Manipal, India — This columnist was among the first outside the United States to cheer on, in February 2008, the ascent of Barack Obama to the U.S. presidency. Even if he achieves little else during his term, the election of an African-American by a majority Euro-ethnic electorate will mellow the tension between races in the United States.

It also gives poorer peoples around the globe a confidence that there is nothing intrinsic in themselves that prevents them from reaching the collective levels of achievement of the Euro-ethnics. For this alone Obama has merited the Nobel Peace Prize awarded to him.

However, many in the future are likely to judge the soundness of the Nobel Committee's decision by Obama's success or failure in Afghanistan. This is now Obama's war.

In this theater, as yet, change has been absent. An important reason has been the high cost of operations due to the policy of sourcing materiel almost exclusively from the United States and other NATO partners. Such procurement resembles the policies of former U.S. President George W. Bush, who declined to get needed materiel from the most cost-effective sources.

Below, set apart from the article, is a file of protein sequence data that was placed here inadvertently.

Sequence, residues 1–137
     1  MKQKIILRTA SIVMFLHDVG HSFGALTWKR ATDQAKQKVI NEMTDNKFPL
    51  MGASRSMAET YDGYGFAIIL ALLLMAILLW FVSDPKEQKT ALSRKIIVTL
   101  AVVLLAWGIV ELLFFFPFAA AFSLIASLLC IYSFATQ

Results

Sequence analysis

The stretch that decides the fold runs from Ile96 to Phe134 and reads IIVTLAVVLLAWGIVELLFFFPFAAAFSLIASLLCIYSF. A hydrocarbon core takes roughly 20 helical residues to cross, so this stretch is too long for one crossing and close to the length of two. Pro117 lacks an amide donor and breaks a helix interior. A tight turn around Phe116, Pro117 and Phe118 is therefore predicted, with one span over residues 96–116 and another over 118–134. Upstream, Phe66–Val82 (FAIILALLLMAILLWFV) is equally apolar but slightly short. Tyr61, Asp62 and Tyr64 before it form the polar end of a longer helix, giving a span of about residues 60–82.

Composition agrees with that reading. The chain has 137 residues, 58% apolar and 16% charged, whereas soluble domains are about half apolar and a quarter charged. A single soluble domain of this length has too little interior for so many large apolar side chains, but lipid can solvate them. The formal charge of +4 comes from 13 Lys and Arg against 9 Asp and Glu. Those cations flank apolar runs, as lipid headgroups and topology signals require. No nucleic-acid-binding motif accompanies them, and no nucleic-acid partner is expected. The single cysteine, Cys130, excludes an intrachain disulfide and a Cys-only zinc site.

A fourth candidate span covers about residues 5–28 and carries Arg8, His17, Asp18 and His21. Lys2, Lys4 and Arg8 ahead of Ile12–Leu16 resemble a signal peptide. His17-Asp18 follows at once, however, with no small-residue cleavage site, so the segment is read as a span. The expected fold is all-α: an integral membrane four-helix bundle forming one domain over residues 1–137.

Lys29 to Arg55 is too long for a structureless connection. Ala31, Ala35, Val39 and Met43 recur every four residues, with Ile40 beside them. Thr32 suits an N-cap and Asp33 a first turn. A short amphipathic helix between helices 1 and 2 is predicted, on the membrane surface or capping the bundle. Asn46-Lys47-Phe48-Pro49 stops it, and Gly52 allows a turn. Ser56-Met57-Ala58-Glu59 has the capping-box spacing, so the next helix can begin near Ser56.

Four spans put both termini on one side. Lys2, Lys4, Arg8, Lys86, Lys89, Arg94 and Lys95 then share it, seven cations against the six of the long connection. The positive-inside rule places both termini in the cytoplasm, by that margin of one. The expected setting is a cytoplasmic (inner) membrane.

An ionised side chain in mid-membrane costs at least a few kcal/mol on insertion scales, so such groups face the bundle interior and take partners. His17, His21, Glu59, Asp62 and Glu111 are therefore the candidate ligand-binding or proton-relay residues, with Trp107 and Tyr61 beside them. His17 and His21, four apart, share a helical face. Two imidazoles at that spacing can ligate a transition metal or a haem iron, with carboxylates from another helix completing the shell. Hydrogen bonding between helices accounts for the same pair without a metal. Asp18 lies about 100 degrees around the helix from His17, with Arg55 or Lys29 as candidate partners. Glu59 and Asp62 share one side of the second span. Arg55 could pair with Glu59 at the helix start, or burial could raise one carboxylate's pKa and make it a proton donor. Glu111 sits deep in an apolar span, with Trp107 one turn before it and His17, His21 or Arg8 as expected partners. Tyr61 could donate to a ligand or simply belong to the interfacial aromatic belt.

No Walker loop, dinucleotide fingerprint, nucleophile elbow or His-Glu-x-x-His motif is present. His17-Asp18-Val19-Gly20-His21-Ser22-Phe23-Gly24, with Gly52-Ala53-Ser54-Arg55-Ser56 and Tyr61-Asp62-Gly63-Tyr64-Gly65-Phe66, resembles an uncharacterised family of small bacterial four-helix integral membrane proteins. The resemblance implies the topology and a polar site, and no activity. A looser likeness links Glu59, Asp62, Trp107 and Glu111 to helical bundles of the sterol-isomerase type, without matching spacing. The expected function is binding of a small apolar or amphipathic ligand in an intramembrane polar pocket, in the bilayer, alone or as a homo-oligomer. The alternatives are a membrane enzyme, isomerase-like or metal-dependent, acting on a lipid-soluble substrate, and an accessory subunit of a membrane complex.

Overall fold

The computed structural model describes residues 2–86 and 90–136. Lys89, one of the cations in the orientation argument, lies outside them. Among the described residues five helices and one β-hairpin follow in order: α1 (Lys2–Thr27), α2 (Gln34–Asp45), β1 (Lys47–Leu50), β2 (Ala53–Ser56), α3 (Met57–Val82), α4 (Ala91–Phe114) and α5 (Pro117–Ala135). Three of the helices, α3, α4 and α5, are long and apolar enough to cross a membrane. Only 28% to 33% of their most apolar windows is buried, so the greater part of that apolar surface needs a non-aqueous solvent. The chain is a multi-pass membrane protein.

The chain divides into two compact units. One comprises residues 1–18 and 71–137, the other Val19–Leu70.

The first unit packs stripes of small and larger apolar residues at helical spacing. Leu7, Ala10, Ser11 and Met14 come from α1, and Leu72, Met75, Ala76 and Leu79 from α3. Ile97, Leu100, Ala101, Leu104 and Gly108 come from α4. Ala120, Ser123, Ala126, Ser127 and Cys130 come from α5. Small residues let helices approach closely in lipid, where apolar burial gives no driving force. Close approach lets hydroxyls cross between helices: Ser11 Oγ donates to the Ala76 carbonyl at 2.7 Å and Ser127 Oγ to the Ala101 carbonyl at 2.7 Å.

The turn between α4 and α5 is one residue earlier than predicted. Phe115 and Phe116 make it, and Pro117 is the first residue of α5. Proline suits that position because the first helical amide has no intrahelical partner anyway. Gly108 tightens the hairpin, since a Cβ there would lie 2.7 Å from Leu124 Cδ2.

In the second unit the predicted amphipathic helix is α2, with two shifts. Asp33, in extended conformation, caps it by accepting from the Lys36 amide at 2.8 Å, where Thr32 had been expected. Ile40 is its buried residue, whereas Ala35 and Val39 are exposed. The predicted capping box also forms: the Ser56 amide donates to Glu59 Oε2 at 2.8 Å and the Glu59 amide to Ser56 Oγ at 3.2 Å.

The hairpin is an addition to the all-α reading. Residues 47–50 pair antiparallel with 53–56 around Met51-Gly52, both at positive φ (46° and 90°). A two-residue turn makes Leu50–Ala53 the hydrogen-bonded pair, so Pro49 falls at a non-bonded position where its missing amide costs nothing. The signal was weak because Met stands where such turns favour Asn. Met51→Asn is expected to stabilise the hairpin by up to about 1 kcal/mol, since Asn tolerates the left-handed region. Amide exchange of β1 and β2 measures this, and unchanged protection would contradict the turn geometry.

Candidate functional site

With even the aftershave coming from home, NATO armies have become the most expensive to field in combat. Should NATO ever do battle against an enemy more endowed than the goons that fill the Taliban's ranks, or the debilitated militaries such as those of the late former Iraqi President Saddam Hussein, the enemy may only need to focus on their supply lines from home to demotivate the NATO troops.